Swallowing difficulties in the elderly: caregiving needs and responsibilities for elderly residing in care homes
Introduction: The prevalence of swallowing difficulties in the elderly appears to be significantly high within care homes, but there is a dearth of information regarding caregiving needs within this context, especially from a South African perspective. South Africa’s burden of disease, the growing elderly population, and a growing focus on optimising elderly care confirm the need for research within this area. Rationale: There is a paucity of literature on the perspectives of caregivers working with elderly individuals in residential care facilities relating to their experiences, responsibilities, facilitators and challenges to service provision and providing optimal care to their residents, specifically at mealtime and pill-swallowing routines. Since speech-language pathologists are essential in evaluating and managing swallowing difficulties, they are in an optimal position to provide support to caregivers to encourage the best level of care in residents with swallowing impairments, should it be required. This research served to fill in the gaps in the literature regarding services to the elderly population residing in care homes and explored the needs that may be present in this context from the view of the caregiver. Methodology: The aims of this study were to: 1) To describe the experiences and practices of caregivers with elderly residents during mealtimes at care homes, 2)To describe the difficulties experienced by residents of the care home during mealtimes and pill-swallowing routines, as viewed by the caregiver and 3)To describe caregivers’ perspectives on training and support needs for mealtimes and pill-swallowing routines with caregivers. To explore these aims, a qualitative study was conducted with data collection consisting of three phases namely observations, focus groups, and interviews. Observations were conducted over a period of two weeks at two research sites in Gauteng followed by two focus groups, one at each site. Thereafter, interviews were held with seventeen participants who were selected through purposive sampling. Data Analysis: Data was analysed inductively using Braun and Clarke’s Thematic Analysis Procedure. Interviews were transcribed and then coded using Microsoft Excel and five primary themes were derived from analysis of the interviews and focus groups. Observations were recorded through field notes. Results: Five themes emerged from the study: a) Barriers and facilitators to mealtime experience, b)Management strategies utilised during mealtimes, c) Description of the difficulties observed by caregivers, d) Caregivers’ involvement in medicine administration, and e) Perspectives on training and support needs. Caregivers experienced various facilitators and barriers including resident characteristics such as resident temperaments and comorbid condition, caregiver characteristics such as years of experience. Caregivers observed a range of difficulties in residents during mealtimes and pill-swallowing routines and various management techniques tailored to individual residents were utilised to facilitate efficiency during mealtimes. It is not within the scope of practice for caregivers who aren’t professional nurses to administer medicines however these caregivers were involved in pill-swallowing routines with residents. Caregivers shared their perspectives on training needs and identified topics requiring further training such as, management of non-compliant residents and the effects of various medical diagnoses on swallowing in the care home context. Implications: Findings from this study suggests that further research is required investigating the possible role of caregivers who aren’t qualified to administer pills but may still be involved in pill-swallowing routines in the care home settings. This study identified a range of barriers to mealtimes and pill-swallowing routines as perceived by caregivers which would need to be addressed through training, workshops, and the formulation of policies by relevant stakeholders.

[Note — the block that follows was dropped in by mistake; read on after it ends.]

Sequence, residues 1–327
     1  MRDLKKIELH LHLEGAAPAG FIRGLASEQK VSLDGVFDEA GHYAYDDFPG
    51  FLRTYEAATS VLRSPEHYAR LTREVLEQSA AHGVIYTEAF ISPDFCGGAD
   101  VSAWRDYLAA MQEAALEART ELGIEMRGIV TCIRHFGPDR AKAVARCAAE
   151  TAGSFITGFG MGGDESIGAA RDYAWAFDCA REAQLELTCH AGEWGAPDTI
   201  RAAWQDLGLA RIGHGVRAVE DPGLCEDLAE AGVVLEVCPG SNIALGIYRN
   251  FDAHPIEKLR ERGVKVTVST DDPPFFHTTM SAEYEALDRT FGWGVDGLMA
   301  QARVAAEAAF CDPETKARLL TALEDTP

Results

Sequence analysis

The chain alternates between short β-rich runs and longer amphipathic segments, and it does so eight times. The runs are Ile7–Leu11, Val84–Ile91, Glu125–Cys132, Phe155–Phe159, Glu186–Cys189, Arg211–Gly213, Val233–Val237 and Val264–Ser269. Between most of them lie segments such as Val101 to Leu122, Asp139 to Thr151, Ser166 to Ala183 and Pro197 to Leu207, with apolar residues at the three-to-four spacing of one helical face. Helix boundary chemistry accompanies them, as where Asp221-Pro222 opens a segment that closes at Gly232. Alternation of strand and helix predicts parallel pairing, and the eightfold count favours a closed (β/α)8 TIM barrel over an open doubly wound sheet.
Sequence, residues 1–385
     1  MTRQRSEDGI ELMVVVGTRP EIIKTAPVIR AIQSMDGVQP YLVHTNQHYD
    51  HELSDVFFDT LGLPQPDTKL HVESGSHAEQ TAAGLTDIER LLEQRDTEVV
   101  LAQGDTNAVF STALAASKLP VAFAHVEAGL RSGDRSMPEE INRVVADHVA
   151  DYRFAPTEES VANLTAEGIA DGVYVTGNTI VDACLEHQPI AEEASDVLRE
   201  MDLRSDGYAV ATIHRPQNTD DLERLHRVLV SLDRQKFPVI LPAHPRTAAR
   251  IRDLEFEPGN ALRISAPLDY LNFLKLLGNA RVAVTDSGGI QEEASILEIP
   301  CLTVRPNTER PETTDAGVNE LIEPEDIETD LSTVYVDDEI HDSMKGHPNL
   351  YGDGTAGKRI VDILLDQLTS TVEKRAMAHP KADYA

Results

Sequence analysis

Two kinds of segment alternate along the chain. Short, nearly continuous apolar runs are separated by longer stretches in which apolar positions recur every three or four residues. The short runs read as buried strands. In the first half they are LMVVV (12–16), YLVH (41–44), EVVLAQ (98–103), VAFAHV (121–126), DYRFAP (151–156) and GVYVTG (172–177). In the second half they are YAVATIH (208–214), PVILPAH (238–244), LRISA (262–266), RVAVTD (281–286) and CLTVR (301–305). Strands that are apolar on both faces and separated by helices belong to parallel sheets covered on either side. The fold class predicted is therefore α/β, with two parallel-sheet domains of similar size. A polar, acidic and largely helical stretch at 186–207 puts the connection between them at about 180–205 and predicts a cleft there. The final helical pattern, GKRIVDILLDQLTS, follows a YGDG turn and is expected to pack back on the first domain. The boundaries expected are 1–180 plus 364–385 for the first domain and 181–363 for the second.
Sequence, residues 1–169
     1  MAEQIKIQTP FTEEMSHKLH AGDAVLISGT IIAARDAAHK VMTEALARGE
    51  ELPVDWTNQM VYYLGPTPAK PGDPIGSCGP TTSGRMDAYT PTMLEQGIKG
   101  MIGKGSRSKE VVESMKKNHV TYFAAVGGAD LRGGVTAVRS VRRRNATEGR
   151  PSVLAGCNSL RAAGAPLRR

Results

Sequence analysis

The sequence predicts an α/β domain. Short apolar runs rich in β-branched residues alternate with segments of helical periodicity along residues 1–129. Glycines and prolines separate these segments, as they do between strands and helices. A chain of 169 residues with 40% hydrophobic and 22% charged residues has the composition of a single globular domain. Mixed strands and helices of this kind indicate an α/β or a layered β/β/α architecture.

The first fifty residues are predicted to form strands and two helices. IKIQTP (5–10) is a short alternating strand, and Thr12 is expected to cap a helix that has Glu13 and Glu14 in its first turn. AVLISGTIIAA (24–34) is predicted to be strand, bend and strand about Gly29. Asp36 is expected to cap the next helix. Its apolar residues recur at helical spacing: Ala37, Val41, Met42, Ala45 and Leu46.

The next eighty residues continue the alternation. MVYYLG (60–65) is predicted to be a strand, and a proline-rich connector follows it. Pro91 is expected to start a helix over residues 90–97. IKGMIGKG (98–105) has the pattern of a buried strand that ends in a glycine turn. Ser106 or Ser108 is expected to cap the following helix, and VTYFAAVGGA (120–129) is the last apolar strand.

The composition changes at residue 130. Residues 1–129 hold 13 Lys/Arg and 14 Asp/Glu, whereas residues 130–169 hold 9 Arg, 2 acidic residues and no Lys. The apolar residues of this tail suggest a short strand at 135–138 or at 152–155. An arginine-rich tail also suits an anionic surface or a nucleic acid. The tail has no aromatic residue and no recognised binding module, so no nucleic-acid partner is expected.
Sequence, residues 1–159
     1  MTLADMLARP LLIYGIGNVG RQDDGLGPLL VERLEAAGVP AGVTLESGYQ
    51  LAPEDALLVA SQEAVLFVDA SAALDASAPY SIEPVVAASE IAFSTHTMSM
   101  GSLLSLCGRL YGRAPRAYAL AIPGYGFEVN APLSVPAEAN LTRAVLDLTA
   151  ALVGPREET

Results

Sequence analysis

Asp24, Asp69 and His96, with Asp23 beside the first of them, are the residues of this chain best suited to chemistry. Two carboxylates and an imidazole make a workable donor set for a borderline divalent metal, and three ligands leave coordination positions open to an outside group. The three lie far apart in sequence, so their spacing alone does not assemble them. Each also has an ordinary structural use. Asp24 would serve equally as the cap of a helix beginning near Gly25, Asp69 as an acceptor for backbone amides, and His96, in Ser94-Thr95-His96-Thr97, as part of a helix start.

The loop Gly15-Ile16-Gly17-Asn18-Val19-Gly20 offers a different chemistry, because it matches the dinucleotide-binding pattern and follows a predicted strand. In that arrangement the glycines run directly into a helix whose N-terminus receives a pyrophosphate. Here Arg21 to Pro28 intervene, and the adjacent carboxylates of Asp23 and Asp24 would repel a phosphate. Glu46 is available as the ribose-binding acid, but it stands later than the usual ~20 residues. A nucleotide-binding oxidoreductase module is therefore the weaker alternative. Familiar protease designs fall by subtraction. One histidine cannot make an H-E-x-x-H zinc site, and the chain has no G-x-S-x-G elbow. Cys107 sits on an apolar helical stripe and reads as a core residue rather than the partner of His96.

A dissertation submitted in partial fulfilment of the requirements for the degree of Master of Arts in Speech Pathology to the Faculty of Humanities, University of the Witwatersrand, 2023
Caregiver, Swallowing, Elderly care homes